According to the Sierra Club, though, it is not the migrants who are causing real and long lasting damage to the many and priceless ecosystems of the border region. It is the border wall that is doing so. The trash can always be picked up. The trails can be repaired. The vegetation can grow back. But animals that go extinct will not come back. Cities that are buried under meters of water won’t ever be the same.

(Arizona Desert Landscape)

Research conducted by professors at the University of Arizona and the University of California, Berkeley with the help of the Defenders of Wildlife and the US Fish and Wildlife Service have found that natural movement of the pygmy owl and the bighorn sheep is affected by the border wall. The result is that natural migration of animals is stymied and gene flow is impeded, thus decreasing the diversity of the border region and changing natural wildlife patterns. Images and videos of javelinas and deer stopped at the wall show that owls and sheep are not the only animals affected by the wall. The wall is changing the natural environment of ecologically sensitive and unique areas, such as the Cabeza Prieta Wilderness Refuge, Organ Pipe Cactus National Monument, the Barry M. Goldwater Range, Tijuana River National Estuarine Research Reserve, and the Sonoran Desert, among others.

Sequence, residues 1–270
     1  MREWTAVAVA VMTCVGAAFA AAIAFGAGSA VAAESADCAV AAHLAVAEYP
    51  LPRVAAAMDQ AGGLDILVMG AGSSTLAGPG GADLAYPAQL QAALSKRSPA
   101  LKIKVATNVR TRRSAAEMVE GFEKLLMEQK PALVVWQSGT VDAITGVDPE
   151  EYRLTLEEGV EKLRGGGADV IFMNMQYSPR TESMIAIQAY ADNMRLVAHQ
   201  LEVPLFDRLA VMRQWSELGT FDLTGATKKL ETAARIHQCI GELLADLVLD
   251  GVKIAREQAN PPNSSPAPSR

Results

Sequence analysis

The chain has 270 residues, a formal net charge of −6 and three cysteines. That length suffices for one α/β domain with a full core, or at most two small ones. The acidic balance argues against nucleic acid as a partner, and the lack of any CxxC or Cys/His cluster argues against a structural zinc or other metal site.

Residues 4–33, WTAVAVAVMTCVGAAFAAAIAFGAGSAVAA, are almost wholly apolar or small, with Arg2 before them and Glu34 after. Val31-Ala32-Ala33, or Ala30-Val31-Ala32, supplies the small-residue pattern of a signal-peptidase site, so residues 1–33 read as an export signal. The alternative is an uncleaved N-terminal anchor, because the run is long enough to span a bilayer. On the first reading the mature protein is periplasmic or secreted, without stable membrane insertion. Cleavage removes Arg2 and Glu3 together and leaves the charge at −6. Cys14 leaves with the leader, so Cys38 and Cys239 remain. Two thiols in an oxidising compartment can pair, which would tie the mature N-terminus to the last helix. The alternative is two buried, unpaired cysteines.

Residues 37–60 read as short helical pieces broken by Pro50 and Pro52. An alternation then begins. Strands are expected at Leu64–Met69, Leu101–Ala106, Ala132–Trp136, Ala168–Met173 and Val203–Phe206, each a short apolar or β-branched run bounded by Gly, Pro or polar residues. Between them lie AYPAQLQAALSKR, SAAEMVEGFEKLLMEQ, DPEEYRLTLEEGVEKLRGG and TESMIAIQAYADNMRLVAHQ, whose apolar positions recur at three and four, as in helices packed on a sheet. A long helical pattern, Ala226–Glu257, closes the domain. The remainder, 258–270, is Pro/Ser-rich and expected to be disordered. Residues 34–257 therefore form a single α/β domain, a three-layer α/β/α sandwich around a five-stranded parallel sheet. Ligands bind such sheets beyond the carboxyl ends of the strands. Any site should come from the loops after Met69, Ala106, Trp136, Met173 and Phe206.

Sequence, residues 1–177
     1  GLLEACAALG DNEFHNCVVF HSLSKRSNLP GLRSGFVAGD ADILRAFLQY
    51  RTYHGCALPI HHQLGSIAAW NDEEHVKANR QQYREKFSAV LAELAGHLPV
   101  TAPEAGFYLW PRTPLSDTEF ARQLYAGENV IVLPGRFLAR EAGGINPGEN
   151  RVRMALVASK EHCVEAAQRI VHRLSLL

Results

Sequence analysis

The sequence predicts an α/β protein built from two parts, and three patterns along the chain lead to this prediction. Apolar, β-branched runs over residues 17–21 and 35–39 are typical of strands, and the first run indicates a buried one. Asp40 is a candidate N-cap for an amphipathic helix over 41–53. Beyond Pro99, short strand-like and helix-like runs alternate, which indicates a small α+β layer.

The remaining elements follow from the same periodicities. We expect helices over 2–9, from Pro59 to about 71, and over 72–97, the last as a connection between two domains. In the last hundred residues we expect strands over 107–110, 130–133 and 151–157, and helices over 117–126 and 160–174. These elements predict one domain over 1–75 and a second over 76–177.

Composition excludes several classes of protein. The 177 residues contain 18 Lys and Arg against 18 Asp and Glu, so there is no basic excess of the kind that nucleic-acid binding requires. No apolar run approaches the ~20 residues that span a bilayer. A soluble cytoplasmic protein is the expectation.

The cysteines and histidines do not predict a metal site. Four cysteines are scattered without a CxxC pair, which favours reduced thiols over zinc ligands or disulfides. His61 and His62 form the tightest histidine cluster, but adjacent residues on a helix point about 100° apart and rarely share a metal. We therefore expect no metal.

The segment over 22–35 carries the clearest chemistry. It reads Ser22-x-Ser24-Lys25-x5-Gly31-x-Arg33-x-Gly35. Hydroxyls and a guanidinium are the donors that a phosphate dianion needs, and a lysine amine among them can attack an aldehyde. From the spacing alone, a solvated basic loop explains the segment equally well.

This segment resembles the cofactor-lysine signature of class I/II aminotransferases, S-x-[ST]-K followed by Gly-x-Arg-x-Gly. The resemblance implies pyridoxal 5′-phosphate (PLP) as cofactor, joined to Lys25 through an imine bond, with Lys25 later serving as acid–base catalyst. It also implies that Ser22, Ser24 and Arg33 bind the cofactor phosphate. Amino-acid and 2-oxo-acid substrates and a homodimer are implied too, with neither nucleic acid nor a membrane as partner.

Migrants will enter the US regardless of the size of the walls built. As I said in my earlier post, the wall slows migrants down by only 5 minutes. Instead of keeping migrants out, the border wall is instead pushing migrants in to more ecologically sensitive areas, such as mountain ranges and National Wildlife areas. The Border Patrol in turn builds roads to pursue these migrants, roads that cause even greater damage to the environment. Without the border wall, the damage caused by migrants would be limited to trash collection and trail use, both easily repaired.

(Trash left by migrants along trails in the Arizona desert)